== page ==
06-Jun-2002 -- Joseph Kerski, USGS Geographer, Ben Black Bear, Executive Director for the Tribal Land Enterprise of the Rosebud Sioux Tribe, and John Whiting, Water Resources Specialist with the Rosebud Sioux Tribe, departed for 43 North 101 West during three days of Geographic Information Systems training at Sinte Gleska University. We were rather dismayed to find that Danny Strickland had visited the site just two weeks previously. However, because we traveled to the site from the north and east, rather than from the south as Danny had done, and because the day was sunny, it is hoped that we can supplement the excellent information that Danny has already provided.
Because John and Ben are extremely well acquainted with just about every square meter of land on the Rosebud Sioux reservation, they knew exactly the right roads to take. We took the Petersen Ranch road after traveling south from St Francis, South Dakota on BIA Road 1. Because we were at the northern edge of the Nebraska sand hills, the road was quite sandy and difficult to navigate. Nevertheless, John was intent on driving us all the way to the exact spot, and after several miles of traveling toward the west, he turned left and drove up a steep slope until we had achieved our goal!
The confluence sits near the top of one of the highest hills in the immediate vicinity. One is rewarded with a beautiful view in most directions, except to the south. The confluence is covered by grasses approximately 6cm high, with some prickly pear and other cacti. Deciduous trees in this area grow mostly in riparian zones along river valleys with pine trees along some distant ridges. Many springs, seeps, and wells provide ponds in the area used for grazing, the predominant land use. A few dwellings were visible in the distance. The closest one is Luther Ranch, that Danny visited, to the south, although that is not visible from the confluence. We spotted many cows and saw evidence of them on the ground (see photographs).
The Nebraska-South Dakota state line is a few hundred meters SOUTH of the confluence, (see photograph of fence line along state line). This state line was supposed to run through this confluence. Still, when one considers the equipment available to surveyors in the 1880s, it is remarkable how close they came to the true position: Granite markers (see photograph) were placed every half mile at this fenceline border.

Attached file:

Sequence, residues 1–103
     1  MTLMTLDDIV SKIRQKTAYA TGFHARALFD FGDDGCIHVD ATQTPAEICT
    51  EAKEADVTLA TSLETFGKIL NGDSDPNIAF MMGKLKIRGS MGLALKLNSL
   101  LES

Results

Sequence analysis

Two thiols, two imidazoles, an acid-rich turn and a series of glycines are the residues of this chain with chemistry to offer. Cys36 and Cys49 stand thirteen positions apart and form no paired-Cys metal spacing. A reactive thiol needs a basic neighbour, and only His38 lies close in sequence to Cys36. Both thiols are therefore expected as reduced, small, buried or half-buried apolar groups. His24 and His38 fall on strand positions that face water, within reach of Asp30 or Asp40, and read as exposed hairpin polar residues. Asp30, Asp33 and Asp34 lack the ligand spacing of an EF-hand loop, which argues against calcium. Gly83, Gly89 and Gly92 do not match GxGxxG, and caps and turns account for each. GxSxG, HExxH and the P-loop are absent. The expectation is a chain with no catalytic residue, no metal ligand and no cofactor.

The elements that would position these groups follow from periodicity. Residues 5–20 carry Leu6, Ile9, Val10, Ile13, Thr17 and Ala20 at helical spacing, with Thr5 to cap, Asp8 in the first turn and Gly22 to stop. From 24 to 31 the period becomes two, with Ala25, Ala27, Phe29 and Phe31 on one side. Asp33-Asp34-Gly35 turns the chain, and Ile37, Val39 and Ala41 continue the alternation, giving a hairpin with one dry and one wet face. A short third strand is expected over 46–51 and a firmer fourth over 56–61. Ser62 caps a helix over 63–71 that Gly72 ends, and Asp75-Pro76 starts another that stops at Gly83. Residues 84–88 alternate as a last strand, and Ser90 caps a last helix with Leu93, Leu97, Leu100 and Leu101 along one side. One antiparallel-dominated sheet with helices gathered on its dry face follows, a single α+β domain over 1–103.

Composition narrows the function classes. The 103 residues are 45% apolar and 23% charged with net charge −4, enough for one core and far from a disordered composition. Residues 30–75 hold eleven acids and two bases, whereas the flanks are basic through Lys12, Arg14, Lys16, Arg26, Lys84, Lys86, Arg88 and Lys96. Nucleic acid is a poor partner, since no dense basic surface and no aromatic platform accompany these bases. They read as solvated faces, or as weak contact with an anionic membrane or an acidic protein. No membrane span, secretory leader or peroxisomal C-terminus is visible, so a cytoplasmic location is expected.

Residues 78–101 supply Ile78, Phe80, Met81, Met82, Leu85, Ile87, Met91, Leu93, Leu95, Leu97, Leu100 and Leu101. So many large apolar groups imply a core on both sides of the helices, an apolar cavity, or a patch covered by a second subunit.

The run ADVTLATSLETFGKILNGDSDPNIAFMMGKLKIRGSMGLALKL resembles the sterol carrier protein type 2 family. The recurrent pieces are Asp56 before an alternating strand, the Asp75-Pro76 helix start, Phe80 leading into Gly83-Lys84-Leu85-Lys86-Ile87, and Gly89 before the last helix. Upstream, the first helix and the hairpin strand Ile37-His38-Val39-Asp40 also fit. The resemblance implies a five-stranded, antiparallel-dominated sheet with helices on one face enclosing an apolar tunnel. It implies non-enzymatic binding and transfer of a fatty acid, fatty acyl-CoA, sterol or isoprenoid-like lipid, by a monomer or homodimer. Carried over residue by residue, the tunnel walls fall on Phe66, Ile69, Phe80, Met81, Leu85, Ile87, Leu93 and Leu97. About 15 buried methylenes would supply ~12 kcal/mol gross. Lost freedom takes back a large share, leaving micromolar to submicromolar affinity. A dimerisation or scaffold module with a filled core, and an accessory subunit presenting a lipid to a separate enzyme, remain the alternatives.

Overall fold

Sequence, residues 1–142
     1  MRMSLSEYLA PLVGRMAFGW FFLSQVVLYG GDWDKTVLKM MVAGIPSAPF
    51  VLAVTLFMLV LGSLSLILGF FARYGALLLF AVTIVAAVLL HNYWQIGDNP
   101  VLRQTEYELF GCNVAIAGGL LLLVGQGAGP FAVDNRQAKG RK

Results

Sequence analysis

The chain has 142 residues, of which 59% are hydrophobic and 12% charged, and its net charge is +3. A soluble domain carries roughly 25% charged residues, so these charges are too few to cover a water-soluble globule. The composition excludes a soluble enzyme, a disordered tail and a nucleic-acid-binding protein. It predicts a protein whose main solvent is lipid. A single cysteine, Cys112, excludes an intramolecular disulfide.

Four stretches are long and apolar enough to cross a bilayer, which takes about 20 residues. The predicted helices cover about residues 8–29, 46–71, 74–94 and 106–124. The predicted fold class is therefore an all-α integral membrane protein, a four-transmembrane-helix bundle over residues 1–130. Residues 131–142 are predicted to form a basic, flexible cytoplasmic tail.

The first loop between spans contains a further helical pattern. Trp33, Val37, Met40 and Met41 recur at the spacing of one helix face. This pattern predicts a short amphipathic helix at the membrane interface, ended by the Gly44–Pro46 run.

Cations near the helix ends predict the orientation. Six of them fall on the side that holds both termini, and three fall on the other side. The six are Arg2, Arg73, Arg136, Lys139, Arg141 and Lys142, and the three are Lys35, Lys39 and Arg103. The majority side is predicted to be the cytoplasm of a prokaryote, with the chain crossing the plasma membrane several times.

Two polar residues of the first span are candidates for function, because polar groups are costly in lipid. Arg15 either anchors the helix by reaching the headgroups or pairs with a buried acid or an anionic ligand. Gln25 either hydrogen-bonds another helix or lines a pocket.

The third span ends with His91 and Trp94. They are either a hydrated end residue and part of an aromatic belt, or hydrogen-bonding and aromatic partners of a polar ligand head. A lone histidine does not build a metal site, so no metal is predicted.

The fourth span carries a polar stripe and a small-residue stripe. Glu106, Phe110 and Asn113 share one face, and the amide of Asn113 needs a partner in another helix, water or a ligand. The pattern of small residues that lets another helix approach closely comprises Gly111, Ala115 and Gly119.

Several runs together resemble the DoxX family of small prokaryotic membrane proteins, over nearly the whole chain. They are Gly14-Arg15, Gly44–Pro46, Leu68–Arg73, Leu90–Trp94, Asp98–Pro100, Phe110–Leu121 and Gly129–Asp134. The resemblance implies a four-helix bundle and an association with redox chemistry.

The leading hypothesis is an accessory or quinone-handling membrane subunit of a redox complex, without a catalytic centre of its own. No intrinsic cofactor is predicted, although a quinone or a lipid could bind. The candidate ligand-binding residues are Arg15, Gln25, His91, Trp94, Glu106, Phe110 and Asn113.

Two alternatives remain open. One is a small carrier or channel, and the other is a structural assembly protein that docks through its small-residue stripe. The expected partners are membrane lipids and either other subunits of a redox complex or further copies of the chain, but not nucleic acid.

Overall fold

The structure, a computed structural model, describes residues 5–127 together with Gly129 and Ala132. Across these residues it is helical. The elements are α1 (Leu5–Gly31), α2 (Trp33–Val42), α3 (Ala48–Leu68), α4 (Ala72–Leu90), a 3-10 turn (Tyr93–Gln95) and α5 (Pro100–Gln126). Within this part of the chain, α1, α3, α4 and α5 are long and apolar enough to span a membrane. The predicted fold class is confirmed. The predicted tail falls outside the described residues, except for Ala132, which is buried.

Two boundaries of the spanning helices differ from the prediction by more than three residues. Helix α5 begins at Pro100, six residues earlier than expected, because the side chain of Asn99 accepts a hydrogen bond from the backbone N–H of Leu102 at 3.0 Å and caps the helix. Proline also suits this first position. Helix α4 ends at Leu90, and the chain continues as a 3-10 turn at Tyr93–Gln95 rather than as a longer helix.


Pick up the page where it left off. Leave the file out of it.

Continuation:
This confluence sits near the southern edge of the Rosebud Sioux Indian Reservation, in Todd County, South Dakota. The entire confluence site, south to the state line, approximately 200 meters away, is on the reservation. This reservation is home of the Sicangu Lakota Tribe. My companions John and Rae are tribal members of the Rosebud Sioux. During the visit, they both provided an amazing wealth of information about Native American history, local and regional geology, water resources, boundaries, politics, climate, and geography. One could not ask for better traveling companions!
The confluence is on tribal land. Thus, we were fortunate that we had the tribal land enterprise executive director, Ben Black Bear, with us. It is his job to manage all tribal land. To the northwest of the site is Mustang Meadows, a ranch that the tribe recently purchased. Some non-tribal land exists along the sandy track on the way to the confluence. The area in Cherry County, Nebraska, to the south, is privately owned.
We arrived at the site at approximately 4pm local time under a wonderfully sunny sky dotted with puffy cumulus clouds. The temperature was approximately 75 degrees and a bit breezy, as one can easily hear (play movie). We stayed approximately 1 hour and visited a few granite markers along the state line on the way back. Ben and John each gave me a tour of their workplaces. In addition, John showed me dams and the hospital near Rosebud, South Dakota, the town where the tribal headquarters is located. This was a wonderful visit.